UK manufacturing rose in November as the construction sector faced a slowdown

 
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British transport equipment production grew by one per cent in November (Source: Getty)

The UK economy is showing signs of mixed form, as production output increased in November, although construction output showed a small decline month on month.

Production was estimated to have increased by 2.1 per cent compared with October, with oil and gas capacity coming back on track after a maintenance period and a strong showing in the pharmaceutical industry, according to figures from the Office for National Statistics (ONS).

Construction output fell by 0.2 per cent compared with October, as non-housing repair and maintenance fell, continuing a downward trend started in 2014. However, new work increased slightly, with public and priate housing both recording increases.

Read more: The manufacturing industry had some of the biggest job losses last year.

A decline in private commercial work also dragged on growth in construction output, with the second-largest contribution to the decline.

A pause in output from the Buzzard oil field caused a steep fall in overall industrial production in October.

Pharmaceutical production grew by 11.4 per cent to contribute towards the overall rise – although the ONS noted that large contract sizes mean the sector experiences large volatility.

Year-on-year industrial production increased by two per cent. The ONS credits growth in pharmaceuticals, transport equipment, and rubber and plastic for the increase.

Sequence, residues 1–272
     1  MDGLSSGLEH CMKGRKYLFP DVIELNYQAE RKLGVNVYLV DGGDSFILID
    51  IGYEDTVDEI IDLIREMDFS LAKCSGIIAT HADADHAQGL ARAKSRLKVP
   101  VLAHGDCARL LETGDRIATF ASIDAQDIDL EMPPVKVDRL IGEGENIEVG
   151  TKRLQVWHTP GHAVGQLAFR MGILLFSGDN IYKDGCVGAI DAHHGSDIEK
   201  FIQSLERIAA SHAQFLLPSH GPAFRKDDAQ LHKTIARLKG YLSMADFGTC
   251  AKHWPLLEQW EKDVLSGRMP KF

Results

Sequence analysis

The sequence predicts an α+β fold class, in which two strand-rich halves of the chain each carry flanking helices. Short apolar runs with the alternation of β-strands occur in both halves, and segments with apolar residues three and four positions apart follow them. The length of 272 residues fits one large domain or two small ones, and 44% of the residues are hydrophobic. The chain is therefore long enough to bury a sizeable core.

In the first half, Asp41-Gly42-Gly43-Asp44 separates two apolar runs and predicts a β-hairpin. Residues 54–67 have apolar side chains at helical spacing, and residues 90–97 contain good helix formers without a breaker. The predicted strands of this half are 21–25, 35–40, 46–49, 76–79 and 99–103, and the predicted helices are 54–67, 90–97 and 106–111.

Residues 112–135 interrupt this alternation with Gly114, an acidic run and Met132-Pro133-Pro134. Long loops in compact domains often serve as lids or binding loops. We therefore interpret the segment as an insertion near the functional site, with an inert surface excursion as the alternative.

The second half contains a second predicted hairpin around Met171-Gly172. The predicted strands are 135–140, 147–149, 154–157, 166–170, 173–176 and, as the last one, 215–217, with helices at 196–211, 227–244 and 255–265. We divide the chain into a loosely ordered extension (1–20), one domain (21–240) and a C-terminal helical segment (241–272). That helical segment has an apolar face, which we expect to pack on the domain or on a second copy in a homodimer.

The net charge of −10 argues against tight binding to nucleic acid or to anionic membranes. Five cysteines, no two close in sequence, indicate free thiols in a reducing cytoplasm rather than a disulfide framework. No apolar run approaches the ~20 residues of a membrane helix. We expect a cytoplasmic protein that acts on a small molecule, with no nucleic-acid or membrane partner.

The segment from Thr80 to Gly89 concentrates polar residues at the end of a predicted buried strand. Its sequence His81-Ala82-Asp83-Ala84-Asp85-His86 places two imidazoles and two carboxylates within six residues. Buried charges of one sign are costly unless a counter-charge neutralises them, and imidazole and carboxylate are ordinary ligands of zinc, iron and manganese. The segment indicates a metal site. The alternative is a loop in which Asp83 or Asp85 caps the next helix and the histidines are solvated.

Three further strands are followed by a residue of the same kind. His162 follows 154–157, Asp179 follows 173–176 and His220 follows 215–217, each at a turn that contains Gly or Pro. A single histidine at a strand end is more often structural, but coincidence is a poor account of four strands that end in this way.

Read more: British car manufacturing speeds ahead to highest level since 1999

Senior ONS statistician Kate Davies said: “Today’s figures continue to paint a mixed picture of the UK’s economic performance. Production saw significant growth, mainly down to increased oil and gas output as the Buzzard field came back online along with a boost from the volatile pharmaceuticals industry.

“However, the trade deficit widened as imports of transport equipment, chemicals and portable computers helped eclipse rising exports, while falls in repair work and commercial building led to a small overall decline in construction."

Lee Hopley, chief economist at EEF, said: “Validating recent business surveys, the official statistics are pointing to a pretty positive end to 2016 for UK manufacturing. The solid month on month growth in production in November appears broad based across the industry and, even taking account of the erratic pharmaceuticals output numbers, we should see output expand over the year overall.

“Similarly, the trade figures confirm that a rosy combination of improving demand indicators in key markets and a weaker exchange rate are providing a supportive boost to manufactured exports," she added.

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